We deal with static friction, or stiction, when driving a vehicle from rest. An extra touch on the gas pedal will ensure a smooth start and once rolling it will need less to run onwards. When controlling a wheeled bot we know that there will be a minimum voltage below which the motor will not turn.

Surely this must also affect a servo motor system. Tim Wescott in his blog puts the tricky maths around the problem. Since Tim has offered consultancy on this for 20 years it is unlikely there will be an easy answer.

Brett Beauregard wrote the library PID code and explains it well. However, it does assume a linear system - and a brushed electric motor with high ratio gearbox can be spectacularly non-linear.

MG996 with PID and PWM control can fail to move sometimes, like a joint with arthritis. Similarly Iterm makes no difference to performance.

I spent forever coding a State Machine form of PID controller. It failed the KISS test but clearly showed the problem. This bot still uses the classic PD code but the output is monitored and ‘kicked’ when it fails to move for a few cycles despite an error signal. Even stiction has a breaking point! The problem comes if it is pulsed too strongly as it has to be brought back under control by the next reversal. Iterm is now more a ‘nudge’ to move closer to the setpoint.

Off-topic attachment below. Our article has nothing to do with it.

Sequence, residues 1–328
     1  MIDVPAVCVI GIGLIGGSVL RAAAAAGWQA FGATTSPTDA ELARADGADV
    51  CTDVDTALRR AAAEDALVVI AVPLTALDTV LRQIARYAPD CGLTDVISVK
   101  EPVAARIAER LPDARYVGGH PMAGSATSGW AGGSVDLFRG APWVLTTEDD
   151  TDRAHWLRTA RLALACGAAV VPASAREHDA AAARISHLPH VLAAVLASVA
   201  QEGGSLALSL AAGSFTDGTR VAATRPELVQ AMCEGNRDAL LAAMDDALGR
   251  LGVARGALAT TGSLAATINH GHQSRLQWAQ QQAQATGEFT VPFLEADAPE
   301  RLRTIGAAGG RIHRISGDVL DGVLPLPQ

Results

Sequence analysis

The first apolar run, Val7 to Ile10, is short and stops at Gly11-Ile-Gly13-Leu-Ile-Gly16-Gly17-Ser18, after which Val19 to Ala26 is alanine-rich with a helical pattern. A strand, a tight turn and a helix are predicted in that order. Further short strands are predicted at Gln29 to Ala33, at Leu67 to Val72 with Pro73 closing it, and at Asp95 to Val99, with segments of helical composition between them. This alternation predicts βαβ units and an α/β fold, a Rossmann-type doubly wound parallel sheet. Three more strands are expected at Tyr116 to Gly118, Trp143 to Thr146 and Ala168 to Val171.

Conclusion

It is very hard to pull the plug on a long running project. So much time and effort invested, hopefully not all wasted. The next project is still to be decided but load cells must certainly be investigated.

Nemesis

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Re: Meowth Abandoned
« Reply #1 on: April 11, 2019, 11:08:00 AM »
Very good summary of your work and what you have been through... This reminded me as well some issue I have/had with Animabot.
I'm sure you learned a lot with this project and you will continue to do so.

But I'm sure this robot is not finished, in few weeks/months you will start designing a new one ! Look at me, the last 3 versions of Animabot were supposed to be the last :D

Keep up the good work !
« Last Edit: April 14, 2019, 03:06:05 AM by Nemesis »